Review: Microsoft Office 2016 — A New Hope.

23 Sep 2015 | Author: | No comments yet »

Microsoft Office 2016 released: updates for Word, PowerPoint, Excel and Outlook all revealed, as software updated for Windows 10.

The company is now pushing out the update to members of its Office 365 subscription service, which allows people to sign up to a cloud-based version of the applications and store things there, rather than paying for the applications through a one-off purchase. There’s no new navigation interface to deal with, no surprise menus, and basically no big changes that will disrupt a traditional Office user’s workflow.

The company also announced new and enhanced Office 365, a cloud-based subscription service built for team productivity. “The way people work has changed dramatically, and that’s why Microsoft is focused on reinventing productivity and business processes for the mobile-first, cloud-first world,” said Satya Nadella, Chief Executive Officer of Microsoft. “These latest innovations take another big step forward in transforming Office from a familiar set of individual productivity apps to a connected set of apps and services designed for modern working, collaboration and teamwork.” Office 2016 delivers new versions of the Office desktop apps for Windows, including Word, PowerPoint, Excel, Outlook, OneNote, Project, Visio and Access. Dig past the first impressions, however, and you’ll find that Microsoft has devoted a lot of time to rethinking the way it makes Office, and has laid the groundwork for more flexible, responsive and modern programs down the line. By subscribing to Office 365, you can get always-up-to-date,fully installed apps for use across their devices, combined with a continually evolving set of consumer and commercial services, such as OneDrive online storage, Skype for Business, Delve, Yammer andenterprise-grade security features. ”The new Office was built by the new Microsoft with the clear understanding that it’s too hard to work together. The “Tell Me” tool for Word, Excel and other programs allowed people to have faster search time for functions compared to navigating Office’s menus. It also allows it to work properly with Windows 10, including support for the Cortana voice-controlled digital assistant within the applications themselves.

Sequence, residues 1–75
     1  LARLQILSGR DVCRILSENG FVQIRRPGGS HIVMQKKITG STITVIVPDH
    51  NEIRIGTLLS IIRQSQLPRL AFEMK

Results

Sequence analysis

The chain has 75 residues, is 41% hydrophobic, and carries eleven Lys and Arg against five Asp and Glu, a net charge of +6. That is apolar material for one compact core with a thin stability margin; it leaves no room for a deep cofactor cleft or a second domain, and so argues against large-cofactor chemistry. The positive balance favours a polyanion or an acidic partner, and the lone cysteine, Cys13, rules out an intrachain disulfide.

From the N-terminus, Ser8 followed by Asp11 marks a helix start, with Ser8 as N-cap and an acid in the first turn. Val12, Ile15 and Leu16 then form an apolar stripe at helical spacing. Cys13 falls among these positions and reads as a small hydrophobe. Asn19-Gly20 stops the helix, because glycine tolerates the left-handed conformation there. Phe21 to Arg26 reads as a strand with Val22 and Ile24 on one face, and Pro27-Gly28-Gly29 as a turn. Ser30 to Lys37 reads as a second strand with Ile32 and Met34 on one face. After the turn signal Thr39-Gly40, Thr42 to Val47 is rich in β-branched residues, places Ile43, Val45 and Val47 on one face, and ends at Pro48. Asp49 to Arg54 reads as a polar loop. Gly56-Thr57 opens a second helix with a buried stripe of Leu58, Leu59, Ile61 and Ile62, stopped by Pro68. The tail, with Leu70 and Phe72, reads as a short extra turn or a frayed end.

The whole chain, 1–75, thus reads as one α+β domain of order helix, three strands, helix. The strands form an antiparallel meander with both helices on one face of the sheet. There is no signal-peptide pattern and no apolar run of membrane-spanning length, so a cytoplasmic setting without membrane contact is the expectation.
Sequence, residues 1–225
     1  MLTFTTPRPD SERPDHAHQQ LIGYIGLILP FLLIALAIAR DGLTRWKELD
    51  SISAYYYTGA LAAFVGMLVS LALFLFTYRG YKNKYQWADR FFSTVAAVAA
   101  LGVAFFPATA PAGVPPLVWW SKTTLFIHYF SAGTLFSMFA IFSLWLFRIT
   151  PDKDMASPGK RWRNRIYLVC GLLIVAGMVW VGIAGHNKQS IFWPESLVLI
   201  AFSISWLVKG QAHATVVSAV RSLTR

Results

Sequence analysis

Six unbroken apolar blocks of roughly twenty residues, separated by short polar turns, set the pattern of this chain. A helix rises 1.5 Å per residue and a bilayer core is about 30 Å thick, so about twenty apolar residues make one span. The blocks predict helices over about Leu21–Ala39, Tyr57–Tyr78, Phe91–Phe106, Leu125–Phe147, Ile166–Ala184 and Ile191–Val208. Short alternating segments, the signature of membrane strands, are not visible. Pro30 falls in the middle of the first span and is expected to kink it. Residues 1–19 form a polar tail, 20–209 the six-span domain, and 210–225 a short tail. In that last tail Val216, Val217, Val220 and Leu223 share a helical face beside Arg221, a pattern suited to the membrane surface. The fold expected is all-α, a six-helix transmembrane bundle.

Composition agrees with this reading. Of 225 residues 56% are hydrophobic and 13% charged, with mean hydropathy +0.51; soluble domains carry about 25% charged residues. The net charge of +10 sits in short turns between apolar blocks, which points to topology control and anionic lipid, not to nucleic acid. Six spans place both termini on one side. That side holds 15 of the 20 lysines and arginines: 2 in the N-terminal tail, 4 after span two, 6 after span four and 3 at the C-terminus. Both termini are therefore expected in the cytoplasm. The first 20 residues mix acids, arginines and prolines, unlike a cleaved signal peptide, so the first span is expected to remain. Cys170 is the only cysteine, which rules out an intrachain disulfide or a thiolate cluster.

After watching consumers turn to competitors for cheap and easy collaboration tools, Microsoft started to develop some of those features for the Web versions of its programs. We designed the new Office to enable people to focus on progress, not process – it takes the work out of working together,” explained Sebuh Haileleul – GM, Microsoft East and Southern Africa. Otherwise, automatic updates will start rolling out to business subscribers at the end of the month and to commercial customers at the beginning of next year. The Office 2016 apps run beautifully on the Windows, including the new Sway for Windows 10 to create shareable, interactive stories that look great on any screen. “The new Office provides built-in intelligence to help you work faster and smarter. Perhaps the biggest everyday user perk is real-time collaboration in Word, giving users the ability to share documents and see what others are typing as they type it.

The main difference in Office is that, even though multiple users can change a document simultaneously, they cannot edit the same line, defusing some of the possibility for tension — and pranking — over a single sentence. Updates also include increased file size and volume limits per user, a new user interface in the browser, mobile enhancements, and new IT and developer features. ·Unveiled earlier this year, GigJamis availableTuesdayin private preview and will become part of Office 365 in 2016.

GigJam is an unprecedented new way for teamsto accomplish tasks and transform business processes by breaking down the barriers between devices, apps and people. ·Outlook 2016 provides the smartest inbox yet, with lightning-fast search and automatic removal of low-priority mail. The focus on collaboration fits right into the messaging we’re seeing from Microsoft’s projects such as Sway, the free online layout and presentation collaboration tool the company released early last month. The statements, comments, or opinions expressed through the use of New Vision Online are those of their respective authors, who are solely responsible for them, and do not necessarily represent the views held by the staff and management of New Vision Online. Outlook, meanwhile, offers you the option to attach a file by putting a link from Microsoft’s OneNote service rather than actually attaching the file, matching Google’s Drive. PowerPoint remains mostly the same; it could have benefited from the collaboration features we’ve seen in Word — something Microsoft promises is on the way.

Chief executive Satya Nadella has repeatedly said he wants Microsoft to be a nimble “mobile-first, cloud-first” company, and Office is a clear articulation of that. If you want the updates, however, Microsoft is again asking consumers to subscribe to programs, which gives you access to the suite on your desktop and mobile devices.

It’s $70 per year for the “personal” option, which limits you to one user and three devices, to $100 for a subscription that supports five users who can each put the program on a desktop, tablet and phone.

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